This ability for patients to access services and make appointments with all of their providers directly is important. It gives the patient greater control of the overall care experience. Patients cite the lack of access as the number one reason why they seek treatment somewhere else. Patients are also much more likely to show up to follow-up appointments the closer the appointment is booked following a treatment.

Building customer loyalty and health literacy

In-room patient marketing systems provide opportunities to increase revenue, reduce re-admissions and deliver quality outcomes. They also have a ready-made opportunity to build patient loyalty through personalized content and services targeted to an individual patient’s needs. 

Driving the capability is advanced data analytics which automatically collects and analyzes patient information. It then provides links to information related to the patient’s medical condition or disease, history, treatments, providers and recommended sources and services. 

The value of customer loyalty can’t be understated, especially when one considers how many patients are likely to be served in each room annually. A typical hospital or healthcare center experiences 50 patients per bed per year.

The in-room TV can be a valuable tool in combating low health literacy. That is, the ability of patients to obtain and understand basic information about their medical status and treatment options in order to make decisions about care, or understand decisions being made on their behalf.

According to The American Academy of Family Physicians (AAFP), “More than one-third of U.S. adults – an estimated 80 million persons – have limited health literacy, making it more difficult for them to read, understand, and apply health information.”.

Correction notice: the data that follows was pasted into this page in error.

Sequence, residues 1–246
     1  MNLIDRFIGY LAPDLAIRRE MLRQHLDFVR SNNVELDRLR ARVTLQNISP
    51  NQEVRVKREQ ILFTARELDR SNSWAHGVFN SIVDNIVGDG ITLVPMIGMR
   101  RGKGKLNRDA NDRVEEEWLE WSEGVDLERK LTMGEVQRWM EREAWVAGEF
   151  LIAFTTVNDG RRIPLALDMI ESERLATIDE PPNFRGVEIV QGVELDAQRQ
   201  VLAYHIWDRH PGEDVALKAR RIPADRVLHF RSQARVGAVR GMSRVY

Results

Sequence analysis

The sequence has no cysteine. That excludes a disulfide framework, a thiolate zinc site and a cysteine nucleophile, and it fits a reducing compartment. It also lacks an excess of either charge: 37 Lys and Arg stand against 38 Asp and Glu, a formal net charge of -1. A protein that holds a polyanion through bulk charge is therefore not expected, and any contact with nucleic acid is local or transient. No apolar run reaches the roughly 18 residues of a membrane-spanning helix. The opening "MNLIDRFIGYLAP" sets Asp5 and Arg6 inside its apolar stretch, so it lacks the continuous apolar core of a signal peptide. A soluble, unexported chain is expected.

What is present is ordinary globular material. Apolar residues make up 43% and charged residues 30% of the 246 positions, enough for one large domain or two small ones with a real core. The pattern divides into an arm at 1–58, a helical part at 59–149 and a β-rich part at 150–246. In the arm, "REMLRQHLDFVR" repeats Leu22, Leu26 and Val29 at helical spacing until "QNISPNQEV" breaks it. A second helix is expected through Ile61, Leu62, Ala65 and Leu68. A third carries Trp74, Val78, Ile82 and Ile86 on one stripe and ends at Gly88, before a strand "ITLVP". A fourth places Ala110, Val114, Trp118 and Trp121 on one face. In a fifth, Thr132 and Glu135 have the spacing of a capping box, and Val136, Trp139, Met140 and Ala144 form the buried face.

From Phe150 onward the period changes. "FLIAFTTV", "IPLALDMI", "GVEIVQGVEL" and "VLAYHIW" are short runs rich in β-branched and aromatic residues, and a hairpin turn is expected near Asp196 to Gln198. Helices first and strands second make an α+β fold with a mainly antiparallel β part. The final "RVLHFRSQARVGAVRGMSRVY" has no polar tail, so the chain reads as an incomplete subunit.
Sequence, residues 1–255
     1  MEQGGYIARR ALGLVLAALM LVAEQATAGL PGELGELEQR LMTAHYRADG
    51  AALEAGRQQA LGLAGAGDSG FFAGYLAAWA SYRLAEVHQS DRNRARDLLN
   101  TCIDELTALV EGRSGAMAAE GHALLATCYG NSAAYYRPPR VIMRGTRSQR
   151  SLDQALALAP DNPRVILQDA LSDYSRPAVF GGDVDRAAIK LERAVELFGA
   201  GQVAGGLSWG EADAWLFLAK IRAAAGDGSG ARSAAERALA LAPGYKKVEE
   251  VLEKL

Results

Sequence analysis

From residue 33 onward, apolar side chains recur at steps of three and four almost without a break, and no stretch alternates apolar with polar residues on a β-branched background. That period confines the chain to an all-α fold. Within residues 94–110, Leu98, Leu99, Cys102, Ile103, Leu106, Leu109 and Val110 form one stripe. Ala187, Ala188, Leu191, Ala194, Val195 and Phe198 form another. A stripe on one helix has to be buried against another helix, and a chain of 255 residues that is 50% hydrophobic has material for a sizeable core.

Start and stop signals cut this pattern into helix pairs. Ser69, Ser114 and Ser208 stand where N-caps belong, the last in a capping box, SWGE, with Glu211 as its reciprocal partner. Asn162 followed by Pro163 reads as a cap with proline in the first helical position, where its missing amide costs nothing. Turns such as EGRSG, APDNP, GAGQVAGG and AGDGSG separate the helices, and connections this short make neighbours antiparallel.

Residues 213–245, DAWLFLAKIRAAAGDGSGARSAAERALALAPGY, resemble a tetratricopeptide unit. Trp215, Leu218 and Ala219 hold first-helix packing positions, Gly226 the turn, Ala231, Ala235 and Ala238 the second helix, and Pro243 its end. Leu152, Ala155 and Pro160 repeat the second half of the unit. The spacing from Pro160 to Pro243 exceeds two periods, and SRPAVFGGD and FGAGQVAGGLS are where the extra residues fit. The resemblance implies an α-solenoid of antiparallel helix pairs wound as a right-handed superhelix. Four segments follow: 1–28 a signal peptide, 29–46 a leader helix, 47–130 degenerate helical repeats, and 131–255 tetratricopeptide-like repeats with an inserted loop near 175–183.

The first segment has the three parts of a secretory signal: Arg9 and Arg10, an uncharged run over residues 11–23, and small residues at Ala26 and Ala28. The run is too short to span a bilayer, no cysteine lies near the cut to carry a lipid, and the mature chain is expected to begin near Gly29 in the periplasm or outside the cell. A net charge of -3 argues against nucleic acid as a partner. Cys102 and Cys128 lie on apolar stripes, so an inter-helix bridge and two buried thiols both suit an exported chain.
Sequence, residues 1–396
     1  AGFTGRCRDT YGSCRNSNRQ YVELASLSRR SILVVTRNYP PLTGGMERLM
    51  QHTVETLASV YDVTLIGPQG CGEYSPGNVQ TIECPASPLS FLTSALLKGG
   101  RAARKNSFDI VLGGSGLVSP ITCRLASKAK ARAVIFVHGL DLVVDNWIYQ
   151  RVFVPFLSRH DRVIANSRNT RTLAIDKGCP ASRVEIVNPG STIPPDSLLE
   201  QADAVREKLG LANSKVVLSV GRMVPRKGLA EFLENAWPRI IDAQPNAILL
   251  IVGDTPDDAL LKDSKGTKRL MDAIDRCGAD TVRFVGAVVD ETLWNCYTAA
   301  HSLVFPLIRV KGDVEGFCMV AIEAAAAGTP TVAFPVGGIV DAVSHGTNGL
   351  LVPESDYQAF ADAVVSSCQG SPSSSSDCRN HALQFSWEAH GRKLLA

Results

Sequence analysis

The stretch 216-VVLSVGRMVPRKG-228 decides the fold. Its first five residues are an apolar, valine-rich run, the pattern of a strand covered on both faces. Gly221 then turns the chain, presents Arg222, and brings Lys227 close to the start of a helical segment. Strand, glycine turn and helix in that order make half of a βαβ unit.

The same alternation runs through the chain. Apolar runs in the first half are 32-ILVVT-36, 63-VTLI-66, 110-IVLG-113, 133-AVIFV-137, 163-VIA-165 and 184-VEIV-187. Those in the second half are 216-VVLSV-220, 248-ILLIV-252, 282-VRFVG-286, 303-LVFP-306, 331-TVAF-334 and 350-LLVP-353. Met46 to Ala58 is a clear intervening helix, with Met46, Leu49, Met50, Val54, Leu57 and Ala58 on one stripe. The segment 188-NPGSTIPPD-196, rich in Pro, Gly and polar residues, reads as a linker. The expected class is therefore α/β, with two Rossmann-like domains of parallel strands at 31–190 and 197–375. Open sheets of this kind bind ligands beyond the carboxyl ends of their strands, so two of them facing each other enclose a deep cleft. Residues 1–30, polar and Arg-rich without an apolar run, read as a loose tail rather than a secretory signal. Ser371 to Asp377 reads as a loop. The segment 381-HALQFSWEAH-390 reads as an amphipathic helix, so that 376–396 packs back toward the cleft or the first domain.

Improving health literacy must be a top priority in the growing digital healthcare environment. Patients should have access to devices and tools that can better educate them, and help enable them to manage both the in-hospital and post-hospital experience. That will improve patient engagement and loyalty, wellness and satisfaction. 

Hospitals and health systems invest millions to acquire and engage patients digitally, but the missing link lies in patient hospital rooms. Connecting in-room TVs with patient-focused content is an incredible opportunity to improve access to care, build patient loyalty, and create an overall better patient experience – all of which contribute to health system profitability.

Adam DeRocher
Adam DeRocher
Vice President of Sales at Lincata

Adam Derocher is the Vice President of Sales at Lincata, an in-room digital marketing solution for health systems. He brings more than 20 years of sales and business development experience in the healthcare technology sector.  Prior to his role at Lincata, Adam served as Regional Director of Hyro, where he played a key role in the company’s success with conversational AI. Before that, he held the position of Regional Sales Director at Phynd, contributing to the growth needed for a successful acquisition by symplr.  His extensive career also includes leadership roles at companies that intersect with the digital front door space, such as b.well Connected Health.